Becoming part of the Hammer Nutrition team for 2015 has only helped me reach my daily goals and have the energy to fulfill the other duties that life requires. I believe in supplements to help keep the body in tune and able. I love a little melon Heed, strawberry Recoverite, Race Caps Supreme, Tissue Rejuvenator, and the peanut butter-chocolate gels to get me through workouts of multiple hours and multiple disciplines. I cannot believe the energy level I have been able to maintain while trying to get back into fighting shape! Scripture, prayer, a supportive wife, Hammer supplements, and knowing why I am doing all this helps me stay focused and energized no matter what may unfold throughout the journey.

Good luck on your own journey!

Tuesday, February 3, 2015

Prioritizing and Finding Life Anew in 2015 - Part One

As winter rolled into the Indiana Dunes in late December 2014, I was knee-deep in some heavy duty contemplation about my compass heading. As many who may read this already know, my wife and I had a vagabond existence for most of the year. We moved east and we moved back to the midwest. While we currently still reside in the midwest we feel as if we are still living out of our suitcases as our roots are yet to be firmly planted in the ground…anywhere. For most of my life, not being settled was fine. In fact, I loved it. As a husband and owner of two anthropomorphized mongrels, still living out of bag is rather unsettling. While I have loved training hard for and attending races over the last few years one thing became quite apparent in 2014 - family comes first. Attending races was low on the list as I tried to make sure that my wife had all the support and breaks from the mongrels she needed as the main breadwinner.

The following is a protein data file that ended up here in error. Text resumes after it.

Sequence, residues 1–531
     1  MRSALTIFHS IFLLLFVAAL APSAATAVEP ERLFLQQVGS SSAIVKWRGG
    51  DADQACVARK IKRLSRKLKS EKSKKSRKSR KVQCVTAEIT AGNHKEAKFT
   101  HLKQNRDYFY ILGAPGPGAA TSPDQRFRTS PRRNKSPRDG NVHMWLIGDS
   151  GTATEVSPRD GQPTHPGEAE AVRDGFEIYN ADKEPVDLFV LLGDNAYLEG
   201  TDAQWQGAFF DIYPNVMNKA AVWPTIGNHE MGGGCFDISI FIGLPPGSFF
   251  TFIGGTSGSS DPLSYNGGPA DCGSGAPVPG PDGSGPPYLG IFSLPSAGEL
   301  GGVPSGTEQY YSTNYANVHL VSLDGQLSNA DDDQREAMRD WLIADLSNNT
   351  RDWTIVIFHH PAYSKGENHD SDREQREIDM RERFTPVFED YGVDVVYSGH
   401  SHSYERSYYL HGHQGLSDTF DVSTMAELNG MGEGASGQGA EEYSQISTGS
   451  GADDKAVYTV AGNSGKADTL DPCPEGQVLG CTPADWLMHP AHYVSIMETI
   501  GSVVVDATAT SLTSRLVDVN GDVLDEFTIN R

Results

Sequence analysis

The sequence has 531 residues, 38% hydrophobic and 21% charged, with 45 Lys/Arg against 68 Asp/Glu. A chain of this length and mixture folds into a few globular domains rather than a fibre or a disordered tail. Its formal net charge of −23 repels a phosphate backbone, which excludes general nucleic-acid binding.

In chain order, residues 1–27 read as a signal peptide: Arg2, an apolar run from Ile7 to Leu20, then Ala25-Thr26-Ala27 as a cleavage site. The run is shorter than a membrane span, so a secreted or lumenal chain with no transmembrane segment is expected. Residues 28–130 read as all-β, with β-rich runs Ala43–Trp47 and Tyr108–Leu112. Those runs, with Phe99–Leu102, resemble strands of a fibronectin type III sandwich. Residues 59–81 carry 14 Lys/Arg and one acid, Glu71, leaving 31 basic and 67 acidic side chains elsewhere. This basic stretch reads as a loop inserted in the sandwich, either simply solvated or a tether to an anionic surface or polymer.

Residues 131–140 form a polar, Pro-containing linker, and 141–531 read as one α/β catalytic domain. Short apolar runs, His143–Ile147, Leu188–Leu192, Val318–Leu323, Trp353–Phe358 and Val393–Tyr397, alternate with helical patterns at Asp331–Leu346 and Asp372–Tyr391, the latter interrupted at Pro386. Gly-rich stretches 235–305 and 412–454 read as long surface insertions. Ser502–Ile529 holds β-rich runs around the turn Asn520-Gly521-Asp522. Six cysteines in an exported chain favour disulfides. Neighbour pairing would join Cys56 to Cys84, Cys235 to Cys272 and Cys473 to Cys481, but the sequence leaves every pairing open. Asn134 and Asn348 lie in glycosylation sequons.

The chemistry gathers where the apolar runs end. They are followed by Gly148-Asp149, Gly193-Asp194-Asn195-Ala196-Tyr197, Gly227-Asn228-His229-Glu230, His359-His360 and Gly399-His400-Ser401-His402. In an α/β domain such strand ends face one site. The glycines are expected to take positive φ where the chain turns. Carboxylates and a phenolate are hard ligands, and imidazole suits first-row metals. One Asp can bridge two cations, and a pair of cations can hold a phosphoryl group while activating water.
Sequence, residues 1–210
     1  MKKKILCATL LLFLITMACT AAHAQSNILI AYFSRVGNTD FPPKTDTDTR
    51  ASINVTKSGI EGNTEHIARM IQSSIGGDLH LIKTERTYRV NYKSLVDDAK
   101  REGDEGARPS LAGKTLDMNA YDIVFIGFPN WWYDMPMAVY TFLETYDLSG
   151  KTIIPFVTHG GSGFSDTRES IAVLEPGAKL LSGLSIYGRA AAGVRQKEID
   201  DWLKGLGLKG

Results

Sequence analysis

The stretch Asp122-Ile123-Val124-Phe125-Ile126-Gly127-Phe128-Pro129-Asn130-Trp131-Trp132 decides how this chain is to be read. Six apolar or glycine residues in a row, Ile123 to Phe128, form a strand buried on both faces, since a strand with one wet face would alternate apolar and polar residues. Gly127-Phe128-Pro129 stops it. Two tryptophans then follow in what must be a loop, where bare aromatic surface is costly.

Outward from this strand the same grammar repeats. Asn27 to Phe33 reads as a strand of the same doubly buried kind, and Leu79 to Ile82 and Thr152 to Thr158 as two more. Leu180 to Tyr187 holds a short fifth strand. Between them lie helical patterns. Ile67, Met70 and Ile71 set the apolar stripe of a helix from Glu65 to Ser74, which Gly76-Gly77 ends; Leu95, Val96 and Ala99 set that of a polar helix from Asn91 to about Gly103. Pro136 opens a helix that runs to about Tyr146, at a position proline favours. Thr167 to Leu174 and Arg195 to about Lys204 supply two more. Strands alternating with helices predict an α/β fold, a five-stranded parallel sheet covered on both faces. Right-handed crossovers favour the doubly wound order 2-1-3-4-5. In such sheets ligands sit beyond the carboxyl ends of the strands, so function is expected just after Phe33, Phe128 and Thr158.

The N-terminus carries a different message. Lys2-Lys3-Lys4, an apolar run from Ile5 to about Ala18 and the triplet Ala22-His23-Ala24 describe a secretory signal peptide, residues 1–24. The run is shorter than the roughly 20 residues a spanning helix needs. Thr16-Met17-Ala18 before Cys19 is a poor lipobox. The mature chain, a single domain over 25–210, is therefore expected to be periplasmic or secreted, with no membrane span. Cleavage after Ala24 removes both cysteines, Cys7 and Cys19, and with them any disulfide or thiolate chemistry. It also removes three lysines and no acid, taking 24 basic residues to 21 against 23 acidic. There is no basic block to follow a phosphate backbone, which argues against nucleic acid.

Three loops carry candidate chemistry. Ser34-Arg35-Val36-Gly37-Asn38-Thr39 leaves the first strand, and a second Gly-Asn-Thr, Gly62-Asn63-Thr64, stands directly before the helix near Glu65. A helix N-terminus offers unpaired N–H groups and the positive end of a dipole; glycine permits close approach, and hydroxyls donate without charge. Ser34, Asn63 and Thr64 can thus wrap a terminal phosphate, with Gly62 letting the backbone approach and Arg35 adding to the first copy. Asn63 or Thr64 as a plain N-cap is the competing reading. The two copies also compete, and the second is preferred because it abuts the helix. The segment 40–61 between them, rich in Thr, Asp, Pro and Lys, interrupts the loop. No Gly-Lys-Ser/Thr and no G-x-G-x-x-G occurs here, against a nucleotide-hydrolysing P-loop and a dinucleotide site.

While being iced in and unable to train until April had a little something to do with the course I took last year, being a little more fiscally responsible also played into the equation. Gas prices were outrageous. I had yet to find work and I just didn't feel like a good husband having my wife foot the bill for a hobby that can be damn expensive at times. I really decided to pick and choose what events I attended based on proximity, cost, rating of goody bags handed out, and energy level the morning of. In 2014 I missed a bunch of great events and even the not-so-great ones run by greedy race directors just trying to make a buck.  

Prioritizing wasn't easy. The Carolina Cup, the Key West race the following weekend, and the Gorge Downwinder were all on my list for 2014. None of those were made. There were a few instances of pouting. y wife would say "Go!" and I would just pout for a few more minutes then get over it realizing that being around just to walk the dogs made my wife's existence a little bit easier. However, when I missed out on a big week in Maryland, which was to coincide with my mother's birthday, going to the East of Maui race in Annapolis followed by Walk on Water's and the other East of Maui's races the following weekend I took a little longer than a few minutes to get over the disappointment. Also, I missed both of Dawn's events. She works hard to put on two great events in Ocean City and I missed both! Dang, that was upsetting…

Living in my mother-in-law's beautiful beach house and being able to spend those weekends with my wife and mongrels wasn't a bad alternative. I had a fun summer with my wife and the dogs. In fact, we spent so much time together in 2014 that my wife often asked - "isn't it time for you to go visit your mom?"